The fact that certain people find Jamie’s petulant whining that he may quit if shareholders vote to strip him of the Chairman role a credible threat is proof positive that the current Chairman of J.P. Morgan has done a lousy job preparing for the inevitable eventuality that Dimon will have to be replaced. The current Chairman has also done a lousy job cajoling the current CEO to delegate more of the minutiae of running a place as gigantic and complex as J.P. Morgan to trusted lieutenants, and to train and mentor those lieutenants into a position where they can ultimately replace him. That these are related issues, and practices which strike at the very heart of the purported indispensability of any Chief Executive Officer, is highly revealing.

Finally, the current Chairman has done a lousy job selecting his other Board members, particularly in the all-important area of audit and risk management. The risk oversight and monitoring function at a gigantic, staggeringly complex lending and trading bank like J.P. Morgan is arguably the most important one—after CEO succession—a Board has. Yet Jamie stacked his risk committee with a former lawyer and professional board member previously on the risk committee at AIG who currently heads a natural history museum, a rich kid whose life experience consists of managing grandad’s money, and the CEO of a a flight controls company. I will wander way out on a limb here and bet these people couldn’t evaluate the financial risks of a childrens’ lemonade stand, much less one of the largest banks on the planet.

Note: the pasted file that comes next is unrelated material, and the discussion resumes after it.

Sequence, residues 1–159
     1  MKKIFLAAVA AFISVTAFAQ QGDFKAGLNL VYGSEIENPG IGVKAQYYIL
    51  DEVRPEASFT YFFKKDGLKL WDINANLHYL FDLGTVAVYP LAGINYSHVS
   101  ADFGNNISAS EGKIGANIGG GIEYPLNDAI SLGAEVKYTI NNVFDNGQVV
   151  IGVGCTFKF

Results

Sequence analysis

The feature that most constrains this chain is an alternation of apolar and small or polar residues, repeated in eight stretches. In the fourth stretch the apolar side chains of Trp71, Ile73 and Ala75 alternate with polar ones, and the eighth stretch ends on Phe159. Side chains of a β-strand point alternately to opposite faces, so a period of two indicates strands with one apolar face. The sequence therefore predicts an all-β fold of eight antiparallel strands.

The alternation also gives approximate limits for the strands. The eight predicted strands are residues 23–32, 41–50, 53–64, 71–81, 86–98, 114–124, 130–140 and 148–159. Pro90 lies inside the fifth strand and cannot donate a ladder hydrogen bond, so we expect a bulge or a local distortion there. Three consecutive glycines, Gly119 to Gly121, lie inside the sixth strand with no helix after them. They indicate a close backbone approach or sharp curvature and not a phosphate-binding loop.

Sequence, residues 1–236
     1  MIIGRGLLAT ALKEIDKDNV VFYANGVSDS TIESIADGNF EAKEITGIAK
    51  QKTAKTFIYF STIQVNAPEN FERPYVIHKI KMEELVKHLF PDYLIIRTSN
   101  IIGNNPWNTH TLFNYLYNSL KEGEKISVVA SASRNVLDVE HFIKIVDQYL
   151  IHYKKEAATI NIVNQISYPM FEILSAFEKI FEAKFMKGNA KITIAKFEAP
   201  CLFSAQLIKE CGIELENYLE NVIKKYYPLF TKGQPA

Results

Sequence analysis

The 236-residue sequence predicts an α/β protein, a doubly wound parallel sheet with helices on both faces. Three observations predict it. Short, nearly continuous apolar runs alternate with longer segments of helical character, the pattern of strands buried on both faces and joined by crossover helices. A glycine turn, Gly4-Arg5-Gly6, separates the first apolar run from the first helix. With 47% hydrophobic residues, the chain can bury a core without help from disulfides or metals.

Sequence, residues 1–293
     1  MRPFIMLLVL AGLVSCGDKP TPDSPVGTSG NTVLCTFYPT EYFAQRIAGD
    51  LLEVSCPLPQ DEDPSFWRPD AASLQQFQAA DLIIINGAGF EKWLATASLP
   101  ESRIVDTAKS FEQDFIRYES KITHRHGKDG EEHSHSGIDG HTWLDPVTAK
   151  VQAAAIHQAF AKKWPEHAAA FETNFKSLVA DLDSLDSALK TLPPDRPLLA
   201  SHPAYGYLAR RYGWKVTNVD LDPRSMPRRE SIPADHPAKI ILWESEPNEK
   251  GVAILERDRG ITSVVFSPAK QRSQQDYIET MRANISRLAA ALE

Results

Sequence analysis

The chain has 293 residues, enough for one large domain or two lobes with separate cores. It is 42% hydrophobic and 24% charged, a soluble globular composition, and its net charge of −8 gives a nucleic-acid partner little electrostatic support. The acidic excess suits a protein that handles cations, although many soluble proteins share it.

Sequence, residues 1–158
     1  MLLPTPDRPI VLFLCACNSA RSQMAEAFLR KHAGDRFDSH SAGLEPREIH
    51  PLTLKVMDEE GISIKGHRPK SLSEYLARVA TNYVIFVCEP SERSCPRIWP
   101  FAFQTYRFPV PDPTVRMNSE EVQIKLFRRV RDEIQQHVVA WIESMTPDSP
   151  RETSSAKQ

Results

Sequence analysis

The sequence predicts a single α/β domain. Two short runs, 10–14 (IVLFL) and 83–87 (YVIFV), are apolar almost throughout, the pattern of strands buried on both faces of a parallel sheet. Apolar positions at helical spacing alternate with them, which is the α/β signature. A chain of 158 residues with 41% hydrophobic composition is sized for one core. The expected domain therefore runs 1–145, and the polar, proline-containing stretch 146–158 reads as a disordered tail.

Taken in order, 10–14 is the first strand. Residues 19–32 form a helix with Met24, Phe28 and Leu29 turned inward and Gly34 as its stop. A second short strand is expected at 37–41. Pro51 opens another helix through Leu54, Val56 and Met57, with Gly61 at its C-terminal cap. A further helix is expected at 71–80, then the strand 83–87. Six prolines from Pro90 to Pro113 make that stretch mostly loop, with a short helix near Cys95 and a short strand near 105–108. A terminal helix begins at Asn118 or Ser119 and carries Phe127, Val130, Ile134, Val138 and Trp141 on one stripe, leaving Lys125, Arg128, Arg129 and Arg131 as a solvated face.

The current Chairman of J.P. Morgan has done a crappy job in almost every dimension that can be measured. And don’t point me to his lead director Tweety Bird, either. I don’t care how fearsome Lee Raymond’s reputation as a former imperial Chairman and CEO was, it is clear he can’t get Jamie Dimon to return his phone calls, much less address the critical areas of underperformance I have identified.

The agenda is clear: the current Chairman of J.P. Morgan should be run out of town on a rail. The current CEO can stay, assuming a new, effective, powerful Chairman thinks he’s up to snuff. Clearly somebody needs to smack that knucklehead around a little.

Fortunately, Jamie, you will be relieved to hear I am not available.

Related reading:
To Catch a Thief (February 13, 2009)
J.P. Morgan and the Marlboro Man (May 20, 2012)